Can you see? I stress hard. Curse my eye sight for being poor. But I am wearing glasses. I know though, it’s no match to normal eyesight. The landscape is marshy with hardly few land marks. It is an expense of a broad nala (rivulet), with lush green grass, few small brush wood plants, one or two dry patches, four spots where water is visible. After about 150 metres, the nala turns left and there is forest beyond.
My friend, Jasbir (Mr J.S. Chauhan, the Field Director of Kanha) has seen it with a binocular. I also try with binocular but without luck. Jasbir tries to explain the location ‘look straight beyond the second small water patch behind a slightly dry bush.’ I try hard with full concentration. Jasbir again asks “have you located the place?” “Yes”, I say, just to avoid embarrassment, but slowly add “I cannot locate it.”
“Look, look now, it has moved its head a bit” Jasbir tells me.
“Oh! Yes, I can see.” I almost shout. A sensation passes through the body. I can see the top of the black ear with white solid circular patch and very small yellow of the head. Some movement of the animal, made it clear – yes, it’s a tiger, sitting behind the dry bush in a depression, probably pool, hidden from our view. I am excited. This is my first tiger, of the first ride, of this visit to the Kanha Tiger Reserve (in Madhya Pradesh State of India).
We now wait impatiently. There is a very good possibility of its rising and making a move for us to see it fully, and may be for a stretch of time.
It takes full 20 or so minutes since our detection that it gets up. The world of wildness is strange. Three-four spotted deer have been grazing, may be just a 25-30 odd metres further down from where we have been watching. They merely jump away to give way in case tiger decides to take that route. No alarm call and no panic. Likewise, a peacock has been feeding even at a lesser distance on the right. The tiger decides to take that direction. The peacock makes a call and flies away in haste and settles on a tree about 50 metre away.
It is clear that the tiger has been sitting in a small pool as rear and bottom parts are wet and appear dirty.
Jasbir and Khare (Mr Surendra Kare, SDO, Kanha) hold a rapid mini conference and conclude that this tiger should walk on Andha Kuan (Blind Well!) road. We cross the anicut and stop at about 100 m.
We spend anxious moments, for the tiger is nowhere. Khare spots it. The tiger is playing a trick. It set down just 10 m off the road. It is waiting for us to pass by and give us a slip.
Poor chap. But the good part is, it has a plan and it sticks to it. It soon decides, ‘OK, do whatever you want but I continue.’
Tiger comes to the road. Leisurely it walks in front of us. It’s past six. The light is quite low. I do some video. Jasbir takes some photos at 3200 ASA! In old days of ‘Negative’ and ‘Transparency’ films this was impossible. Such high speed films were just not made. I still do not like to go above 400 ASA on my SLR.
It is now very much clear that it’s huge male tiger – as they say, king of the forest.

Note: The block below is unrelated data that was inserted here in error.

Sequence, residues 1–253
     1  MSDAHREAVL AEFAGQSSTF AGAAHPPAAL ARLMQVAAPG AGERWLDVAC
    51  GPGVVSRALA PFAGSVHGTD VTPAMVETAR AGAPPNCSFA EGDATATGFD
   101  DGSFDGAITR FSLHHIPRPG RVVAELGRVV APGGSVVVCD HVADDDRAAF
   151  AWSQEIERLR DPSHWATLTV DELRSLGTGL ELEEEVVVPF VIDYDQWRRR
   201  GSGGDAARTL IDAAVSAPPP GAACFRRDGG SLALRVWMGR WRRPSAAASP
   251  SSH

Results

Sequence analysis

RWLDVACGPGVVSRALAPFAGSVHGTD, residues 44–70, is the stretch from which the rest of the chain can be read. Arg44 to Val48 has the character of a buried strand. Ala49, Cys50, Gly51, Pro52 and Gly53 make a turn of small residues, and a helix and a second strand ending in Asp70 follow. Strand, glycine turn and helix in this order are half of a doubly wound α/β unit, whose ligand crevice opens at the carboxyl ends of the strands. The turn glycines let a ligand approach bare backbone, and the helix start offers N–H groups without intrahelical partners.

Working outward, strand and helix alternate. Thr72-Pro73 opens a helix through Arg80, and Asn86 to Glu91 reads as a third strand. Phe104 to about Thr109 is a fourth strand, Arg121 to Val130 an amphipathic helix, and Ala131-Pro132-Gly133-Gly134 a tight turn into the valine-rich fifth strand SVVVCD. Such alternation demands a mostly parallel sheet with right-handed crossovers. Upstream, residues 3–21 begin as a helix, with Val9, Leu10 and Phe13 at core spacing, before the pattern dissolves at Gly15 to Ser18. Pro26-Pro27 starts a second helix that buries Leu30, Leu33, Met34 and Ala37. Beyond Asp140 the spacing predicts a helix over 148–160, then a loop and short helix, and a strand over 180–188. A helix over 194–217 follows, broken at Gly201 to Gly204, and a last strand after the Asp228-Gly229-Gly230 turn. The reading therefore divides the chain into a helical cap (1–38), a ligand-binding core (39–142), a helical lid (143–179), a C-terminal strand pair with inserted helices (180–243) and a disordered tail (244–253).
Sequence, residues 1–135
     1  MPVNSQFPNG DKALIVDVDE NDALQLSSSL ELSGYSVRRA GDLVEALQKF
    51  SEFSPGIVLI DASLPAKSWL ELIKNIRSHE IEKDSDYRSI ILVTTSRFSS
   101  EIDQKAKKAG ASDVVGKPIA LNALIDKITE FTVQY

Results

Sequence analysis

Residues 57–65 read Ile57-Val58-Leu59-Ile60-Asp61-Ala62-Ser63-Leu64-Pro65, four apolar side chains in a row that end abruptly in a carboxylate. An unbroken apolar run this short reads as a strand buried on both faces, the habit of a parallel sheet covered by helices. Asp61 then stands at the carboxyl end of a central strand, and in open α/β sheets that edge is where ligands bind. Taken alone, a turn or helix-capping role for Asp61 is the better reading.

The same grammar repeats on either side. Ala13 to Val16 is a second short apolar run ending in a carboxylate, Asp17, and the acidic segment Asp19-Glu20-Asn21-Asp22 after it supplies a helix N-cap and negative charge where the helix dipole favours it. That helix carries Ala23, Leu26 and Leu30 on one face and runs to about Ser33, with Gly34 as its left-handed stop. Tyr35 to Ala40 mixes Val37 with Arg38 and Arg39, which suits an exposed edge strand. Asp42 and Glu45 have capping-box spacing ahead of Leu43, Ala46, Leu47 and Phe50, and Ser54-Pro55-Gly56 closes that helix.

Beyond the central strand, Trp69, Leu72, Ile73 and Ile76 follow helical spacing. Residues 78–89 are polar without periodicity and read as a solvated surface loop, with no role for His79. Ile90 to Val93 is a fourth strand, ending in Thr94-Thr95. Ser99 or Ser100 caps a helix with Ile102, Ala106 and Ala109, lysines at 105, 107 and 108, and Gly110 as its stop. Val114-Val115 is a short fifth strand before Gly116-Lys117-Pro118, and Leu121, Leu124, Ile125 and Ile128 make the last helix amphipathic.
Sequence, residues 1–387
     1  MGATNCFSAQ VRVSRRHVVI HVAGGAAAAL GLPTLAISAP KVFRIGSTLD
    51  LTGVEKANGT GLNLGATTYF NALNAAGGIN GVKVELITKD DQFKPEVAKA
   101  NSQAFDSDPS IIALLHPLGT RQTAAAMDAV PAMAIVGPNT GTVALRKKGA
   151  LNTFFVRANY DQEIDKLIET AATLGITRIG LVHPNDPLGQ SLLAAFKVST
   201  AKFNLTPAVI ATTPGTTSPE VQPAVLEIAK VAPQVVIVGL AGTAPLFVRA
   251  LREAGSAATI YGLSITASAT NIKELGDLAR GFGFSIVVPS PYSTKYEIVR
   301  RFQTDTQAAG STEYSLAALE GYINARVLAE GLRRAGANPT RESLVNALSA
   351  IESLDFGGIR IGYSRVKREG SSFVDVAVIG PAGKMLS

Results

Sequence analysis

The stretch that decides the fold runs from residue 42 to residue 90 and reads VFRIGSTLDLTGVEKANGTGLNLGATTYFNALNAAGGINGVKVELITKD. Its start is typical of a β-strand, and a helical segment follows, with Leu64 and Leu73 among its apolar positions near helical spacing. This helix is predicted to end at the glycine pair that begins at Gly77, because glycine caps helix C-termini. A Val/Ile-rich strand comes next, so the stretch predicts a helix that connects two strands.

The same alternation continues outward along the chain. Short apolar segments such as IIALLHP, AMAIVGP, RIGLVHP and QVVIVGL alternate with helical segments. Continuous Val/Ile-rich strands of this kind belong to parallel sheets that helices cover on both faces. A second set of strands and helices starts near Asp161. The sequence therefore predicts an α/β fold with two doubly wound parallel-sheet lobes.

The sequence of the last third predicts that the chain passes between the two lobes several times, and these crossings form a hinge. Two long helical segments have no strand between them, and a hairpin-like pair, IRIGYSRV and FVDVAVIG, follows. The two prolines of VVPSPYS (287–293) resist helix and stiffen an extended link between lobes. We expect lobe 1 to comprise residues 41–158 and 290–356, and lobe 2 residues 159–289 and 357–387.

I ask Jasbir, ‘What is the name of this tiger?’ It so happens that in tiger reserves, some popular and regularly sighted tigers are given name. Jasbir is not very happy with the naming and gaming culture. Scientists are now giving more clinical name like, T 7, T15 … Giving such numerical names, to me sounds like insulting tiger. They should carry lordly names. In good old days, there used to be tigers called Sultan, Raja, Dhitoo…
For the sake of convenience and not to let this tiger remain anonymous in my memory, I call it Meenpur Anicut Tiger.
In between, the tiger would stop, look around, kind of inspect its territory and if necessary mark it, by releasing a spray of urine backwards on the stem of a prominent tree. This, it repeats few times. This is a mystery – which trees to mark, how many trees to mark and more important to have enough store of urine!
Not to mention, but at one place we notice tiger crouches and lowers its back portion to relieve itself. The process seems to be somewhat painful as the animal quite visibly shakes its entire body violently to let the stuff pass out. Jasbir thinks loudly ‘Constipation?’
We have been watching the Meenpur Anicut Tiger close to twenty five minutes for about 500 metres.
Finally, at one place, it moves away from the road and goes tangent and we can see it cross a dry nala about 70-80 metre inside and disappears in the forest as well as approaching night.
I think, ‘Where is he going?’
‘Is it to some suitable place to hunt?’
But, spotted deer have been grazing just near where it has been sitting. Jasbir points out that it appears to be well fed from the look of the belly.
‘OK, water?’ But, that too was available where it has been sitting.
‘Is it out for a stroll?’
‘Is it out to look for a girl friend?’
‘Is it out to secure its territory?’
Many questions come to mind. It is difficult to answer all these unless one can read tiger’s mind. So said Rudyard Kipling
‘What of the hunting, hunter bold?
Brother, the watch was long and cold.
What of the quarry ye went to kill?
Brother, he crops in the jungle still.
Where is the power that made your pride?
Brother, it ebbs from my flank and side.
Where is the haste that ye hurry by?
Brother, I go to my lair to die!’